First of all, if you’re expecting to be laid off for a fairly long period of time while you reassess, it’s important to make the most of the free time available. Use this opportunity to study a new skill in your sector or take up a course in something like a language. These will serve your resume well.
As with any job search, you should be your own best cheerleader, so do your best to branch out and create a network. By continuing to connect with people with your industry you’ll be kept up to date with all the latest developments in the sector and ideally get some inside tips on job openings.
It’s also worth considering a temporary position to keep yourself busy until something more permanent becomes available. Even if the job isn’t exactly what you want to be doing, it’s important to keep yourself active in the professional world. The fewer gaps that appear in your resume the better.
Alternatively, consider jobs in growth industries during times of national or international financial hardship. This might require a little tenacity as you could need to rework your experience to fit this new sector a little. However, be mindful of your transferable skills and focus on building your resume to be adaptable to this industry.
Getting Hired After a Natural Disaster
Extreme natural events can wreak havoc on lives in many ways. However, what is often forgotten amongst the pressing issue of saving lives is the problems these freak incidents can cause for the local workforce.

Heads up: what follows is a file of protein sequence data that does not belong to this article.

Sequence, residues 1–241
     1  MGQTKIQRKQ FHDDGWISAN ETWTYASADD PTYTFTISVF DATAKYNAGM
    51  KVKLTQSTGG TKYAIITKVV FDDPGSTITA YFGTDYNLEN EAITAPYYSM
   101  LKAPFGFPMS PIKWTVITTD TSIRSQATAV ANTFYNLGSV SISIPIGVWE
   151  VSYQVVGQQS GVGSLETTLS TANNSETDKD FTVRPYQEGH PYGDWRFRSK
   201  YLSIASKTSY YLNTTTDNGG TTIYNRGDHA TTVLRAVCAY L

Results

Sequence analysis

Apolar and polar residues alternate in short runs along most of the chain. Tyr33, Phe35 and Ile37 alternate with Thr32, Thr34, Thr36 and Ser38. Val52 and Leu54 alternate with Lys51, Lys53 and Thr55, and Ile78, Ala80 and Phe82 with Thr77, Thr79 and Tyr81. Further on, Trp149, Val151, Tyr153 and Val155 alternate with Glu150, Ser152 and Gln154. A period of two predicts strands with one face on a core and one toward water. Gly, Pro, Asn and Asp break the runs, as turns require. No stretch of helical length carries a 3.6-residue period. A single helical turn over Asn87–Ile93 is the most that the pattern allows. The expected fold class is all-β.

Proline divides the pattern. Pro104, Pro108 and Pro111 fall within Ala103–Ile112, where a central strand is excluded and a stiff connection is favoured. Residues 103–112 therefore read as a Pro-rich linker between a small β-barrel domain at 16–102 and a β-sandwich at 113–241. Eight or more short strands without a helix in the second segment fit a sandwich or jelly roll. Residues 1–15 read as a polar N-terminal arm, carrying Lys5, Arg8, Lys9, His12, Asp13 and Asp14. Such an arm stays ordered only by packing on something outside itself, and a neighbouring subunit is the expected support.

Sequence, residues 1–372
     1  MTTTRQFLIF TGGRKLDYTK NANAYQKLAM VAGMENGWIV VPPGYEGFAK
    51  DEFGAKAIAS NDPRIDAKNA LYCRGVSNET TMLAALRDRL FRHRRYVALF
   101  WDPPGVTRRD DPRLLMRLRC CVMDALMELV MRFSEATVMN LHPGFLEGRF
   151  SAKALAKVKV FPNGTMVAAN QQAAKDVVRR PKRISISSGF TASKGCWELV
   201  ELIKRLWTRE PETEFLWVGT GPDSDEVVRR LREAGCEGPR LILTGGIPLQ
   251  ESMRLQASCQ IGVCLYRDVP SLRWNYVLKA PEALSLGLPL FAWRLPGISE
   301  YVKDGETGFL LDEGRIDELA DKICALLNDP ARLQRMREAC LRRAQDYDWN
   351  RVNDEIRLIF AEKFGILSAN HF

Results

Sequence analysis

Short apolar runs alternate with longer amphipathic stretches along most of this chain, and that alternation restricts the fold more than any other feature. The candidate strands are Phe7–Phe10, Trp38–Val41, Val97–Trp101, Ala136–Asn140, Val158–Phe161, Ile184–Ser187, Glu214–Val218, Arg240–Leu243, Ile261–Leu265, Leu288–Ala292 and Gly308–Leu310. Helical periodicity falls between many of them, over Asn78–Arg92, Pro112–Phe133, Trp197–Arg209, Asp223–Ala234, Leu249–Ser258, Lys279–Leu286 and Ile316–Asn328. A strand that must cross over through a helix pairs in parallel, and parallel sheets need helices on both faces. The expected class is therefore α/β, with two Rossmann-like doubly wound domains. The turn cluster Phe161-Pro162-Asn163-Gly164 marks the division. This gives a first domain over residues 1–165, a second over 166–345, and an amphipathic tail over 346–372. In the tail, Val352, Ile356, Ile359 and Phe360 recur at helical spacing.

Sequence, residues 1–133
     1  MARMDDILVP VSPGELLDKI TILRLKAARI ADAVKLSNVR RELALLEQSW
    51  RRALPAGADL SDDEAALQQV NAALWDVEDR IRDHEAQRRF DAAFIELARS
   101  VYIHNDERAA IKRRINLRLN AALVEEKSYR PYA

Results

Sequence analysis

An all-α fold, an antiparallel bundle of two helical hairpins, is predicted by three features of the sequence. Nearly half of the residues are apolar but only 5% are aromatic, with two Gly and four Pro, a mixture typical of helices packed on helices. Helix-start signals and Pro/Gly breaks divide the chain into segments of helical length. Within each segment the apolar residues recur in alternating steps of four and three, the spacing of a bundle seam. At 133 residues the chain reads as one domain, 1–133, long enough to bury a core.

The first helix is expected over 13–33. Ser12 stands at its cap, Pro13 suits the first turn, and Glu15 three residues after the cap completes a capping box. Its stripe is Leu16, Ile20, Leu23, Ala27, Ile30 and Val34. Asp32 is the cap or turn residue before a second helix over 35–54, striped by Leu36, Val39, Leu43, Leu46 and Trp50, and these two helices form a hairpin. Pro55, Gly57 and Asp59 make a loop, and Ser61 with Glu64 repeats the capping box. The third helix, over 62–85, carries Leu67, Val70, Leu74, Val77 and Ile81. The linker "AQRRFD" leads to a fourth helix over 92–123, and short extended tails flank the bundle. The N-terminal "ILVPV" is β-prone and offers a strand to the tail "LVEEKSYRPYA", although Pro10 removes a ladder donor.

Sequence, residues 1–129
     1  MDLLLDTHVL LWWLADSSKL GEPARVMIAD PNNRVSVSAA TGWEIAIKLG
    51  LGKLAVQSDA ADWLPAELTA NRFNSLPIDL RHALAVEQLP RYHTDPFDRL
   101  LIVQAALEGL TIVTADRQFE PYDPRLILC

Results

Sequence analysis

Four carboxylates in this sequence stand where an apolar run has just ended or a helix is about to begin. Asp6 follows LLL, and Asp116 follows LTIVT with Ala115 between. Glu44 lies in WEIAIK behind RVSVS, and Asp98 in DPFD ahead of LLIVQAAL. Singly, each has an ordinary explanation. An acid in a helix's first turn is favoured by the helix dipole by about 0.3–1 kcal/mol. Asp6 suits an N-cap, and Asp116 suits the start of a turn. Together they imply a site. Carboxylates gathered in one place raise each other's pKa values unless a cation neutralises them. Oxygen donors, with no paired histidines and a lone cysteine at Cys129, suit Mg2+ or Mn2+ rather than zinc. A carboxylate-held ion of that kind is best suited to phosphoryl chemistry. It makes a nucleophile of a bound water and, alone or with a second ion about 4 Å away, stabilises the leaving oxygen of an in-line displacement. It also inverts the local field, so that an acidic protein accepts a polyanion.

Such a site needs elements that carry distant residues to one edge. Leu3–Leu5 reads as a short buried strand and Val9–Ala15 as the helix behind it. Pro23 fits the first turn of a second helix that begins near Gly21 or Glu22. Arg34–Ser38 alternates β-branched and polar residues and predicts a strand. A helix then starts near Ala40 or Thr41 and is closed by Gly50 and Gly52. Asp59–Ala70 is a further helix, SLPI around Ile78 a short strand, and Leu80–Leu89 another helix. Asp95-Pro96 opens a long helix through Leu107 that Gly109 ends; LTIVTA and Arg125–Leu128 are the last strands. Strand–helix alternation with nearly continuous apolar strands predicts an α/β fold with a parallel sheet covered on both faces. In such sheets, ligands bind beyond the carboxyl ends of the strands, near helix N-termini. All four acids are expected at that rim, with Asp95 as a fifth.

In some cases, your regular sector or business may be immobilized or completely destroyed in your local area for a certain amount of time. However just because business as usual isn’t possible, doesn’t mean there isn’t still work that can be done.
Special skills will be required during the cleanup and rebuilding process. That is precisely where your opportunities lie. The same is true of volunteering during a natural disaster. Look for where people are needed and make that your focus.
Depending on your personal abilities and circumstances there are many options that could present themselves in construction, insurance, finance and project management (amongst other sectors). Not only could these keep you working but this could also help broaden your skillset.
This will also serve to keep your resume relevant and avoid long gaps which could hurt a job search at a later date. This extra experience on your resume will also allow future employers to see that you are flexible, can handle stress and are able to maintain a proactive approach.
Additionally, remember to seek support during this time. Whether the disaster has affected you personally or not, the experience of living through one is often traumatic and stressful. Organizations will often be on hand to provide professional help to workers and those emotionally struggling in the aftermath of a major happening.